I started the swim at a pace that I thought I could sustain for 10 hours… stroke rate in the mid 60’s, and by my third feed, the field was spreading out. I didn’t express any kind of “race plan” to Clare, and our communication was limited regarding the other swimmers. At about 5 hours, I looked forward, didn’t see any boats, inquired: where is everybody?.... you’re out in front. (cool) I never saw another boat until near the second bridge… I asked: Whose boat is that? Clare replied, “don’t worry about it, its a relay team”. The wind picked up and there was a pretty good chop now so I settled into a slower stroke rate of 60SPM… no reason to get sloppy now with just a couple of miles to go. As I walked up to the beach I was surprised to see Craig Lenning sitting there already… I wonder when he passed me? It would have been a welcome diversion to have someone to swim with after 7, 8, 9 hours alone out there. Perhaps we will have the opportunity during MIMS on June 12!
10hrs 49 mins
Updated April 19th, 2010 at 09:21 PM by chaos
Its 4:48 AM.... I've been awake for 2 hours already but just now ready to roll out of bed and get my feeds prepared. The swim starts at 7:00.... butterflies.......
THINGS TO DO
1. Make lists (packing, boat provisions, communication signals, etc)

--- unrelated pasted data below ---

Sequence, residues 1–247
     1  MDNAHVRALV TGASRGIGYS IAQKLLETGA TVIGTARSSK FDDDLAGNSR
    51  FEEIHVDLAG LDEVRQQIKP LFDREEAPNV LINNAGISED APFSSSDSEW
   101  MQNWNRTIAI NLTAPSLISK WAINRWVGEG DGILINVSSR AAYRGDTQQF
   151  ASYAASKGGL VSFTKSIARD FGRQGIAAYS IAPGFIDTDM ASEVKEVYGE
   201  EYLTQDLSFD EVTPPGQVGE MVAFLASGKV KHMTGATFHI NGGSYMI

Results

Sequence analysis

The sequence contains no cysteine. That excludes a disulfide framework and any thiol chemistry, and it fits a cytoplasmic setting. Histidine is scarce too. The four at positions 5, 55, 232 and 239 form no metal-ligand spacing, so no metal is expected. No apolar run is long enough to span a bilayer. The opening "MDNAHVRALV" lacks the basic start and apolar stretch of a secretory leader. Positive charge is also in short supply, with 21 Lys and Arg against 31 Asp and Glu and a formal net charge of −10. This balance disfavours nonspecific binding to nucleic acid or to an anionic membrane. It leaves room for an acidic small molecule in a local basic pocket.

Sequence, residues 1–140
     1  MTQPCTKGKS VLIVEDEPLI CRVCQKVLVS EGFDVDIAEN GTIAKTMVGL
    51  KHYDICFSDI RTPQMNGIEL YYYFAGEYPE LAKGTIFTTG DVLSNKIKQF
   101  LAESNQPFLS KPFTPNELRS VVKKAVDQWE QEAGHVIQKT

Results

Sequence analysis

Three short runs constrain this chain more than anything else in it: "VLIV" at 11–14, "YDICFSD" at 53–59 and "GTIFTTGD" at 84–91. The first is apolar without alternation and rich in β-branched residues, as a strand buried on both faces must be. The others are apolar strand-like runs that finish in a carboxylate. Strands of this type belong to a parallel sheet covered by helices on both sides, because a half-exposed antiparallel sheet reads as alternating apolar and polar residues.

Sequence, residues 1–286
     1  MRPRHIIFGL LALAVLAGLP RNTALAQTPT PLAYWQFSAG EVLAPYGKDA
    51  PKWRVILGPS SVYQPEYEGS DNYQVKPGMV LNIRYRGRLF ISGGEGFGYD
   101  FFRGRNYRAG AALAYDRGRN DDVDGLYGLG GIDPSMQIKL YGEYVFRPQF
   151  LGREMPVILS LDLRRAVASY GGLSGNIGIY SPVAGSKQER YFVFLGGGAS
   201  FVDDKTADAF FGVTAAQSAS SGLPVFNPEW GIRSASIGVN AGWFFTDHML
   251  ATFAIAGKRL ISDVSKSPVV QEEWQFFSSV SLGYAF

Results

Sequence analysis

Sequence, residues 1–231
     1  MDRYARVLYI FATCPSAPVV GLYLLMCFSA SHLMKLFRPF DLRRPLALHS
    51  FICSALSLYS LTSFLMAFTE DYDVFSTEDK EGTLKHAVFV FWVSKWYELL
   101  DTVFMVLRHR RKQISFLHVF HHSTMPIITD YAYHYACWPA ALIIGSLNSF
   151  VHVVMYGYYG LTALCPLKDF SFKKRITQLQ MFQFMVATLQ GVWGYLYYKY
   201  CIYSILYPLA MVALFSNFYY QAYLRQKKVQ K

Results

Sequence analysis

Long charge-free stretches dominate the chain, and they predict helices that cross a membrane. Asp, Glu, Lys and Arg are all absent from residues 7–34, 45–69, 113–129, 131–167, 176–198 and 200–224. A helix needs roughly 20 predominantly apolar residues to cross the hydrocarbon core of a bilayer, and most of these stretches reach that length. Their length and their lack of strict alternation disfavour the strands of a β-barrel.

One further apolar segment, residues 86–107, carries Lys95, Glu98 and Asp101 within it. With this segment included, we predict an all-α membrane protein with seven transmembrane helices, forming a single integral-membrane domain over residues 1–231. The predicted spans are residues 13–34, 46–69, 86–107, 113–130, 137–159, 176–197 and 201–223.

2. Buzz down: no reason to carry extra hair through 24 miles, but i won't shave... water temp is supposed to be cooler this year according to Ron. <70
3. Find a killer waterproof, environmentally sound sunscreen. Google search "albino at the beach". My straight zinc oxide didn't have the staying on power I hoped for..... got a bit toasted in Maui.
4. Check the competition.... I've looked over the results for the past 10 years and the times are so varied... typical of events of this length, but its impossible to get a handle on how long i should expect to be in the water.
Prepare for 12 hours; hope for 9 hours.
5. Find some bottles that fit in my fancy double swivel cup holder telescoping feed stick. I thought these 16 oz. Nissan insulated stainless steel containers would work. They have a great push button flip top lid, but they are too top heavy, and fall out...... still looking.
6. Order some spare goggles. B-70 Vision are my OW goggle of choice these days... comfortable and a wide field of vision.
7. Schedule a pre-race deep tissue massage for next wednesday.
8. Get lots of sleep.
9. Re-check my nutrition plan.... might have to include a "hot drink" option. This will require Clare to mix as we go.... a bit more complicated than doing a complete pre-mix. I'm shooting for feedings every 20 minutes.
70 - 80 calories per feed.
10. Make sure to pack the E-Stim unit. I use it mostly for the recovery programs.
11. Mix some grease: 50% vasaline, 50% anhydrous lanolin for pits, neck, chin, shoulders, groin, etc.
12. Figure out some scooby snacks to have on board.... to get me through the dark hours (6-8)... I'm thinking maybe chocolate pudding, bananas, mallomars, apple sauce, oatmeal.... stuff that wouldn't be that bad coming up (always a possibility).
i'm sure i've forgotten lots of stuff................
What a day!
We slept with the patio door open last night and the sound of the crashing waves made me a bit nervous. There had been swimming restrictions at the beach and a small craft advisory... the forecast wasn't promising.
I woke at 6 AM and looked out to the beach. The surf wasn't as big as it sounded, and the water looked inviting.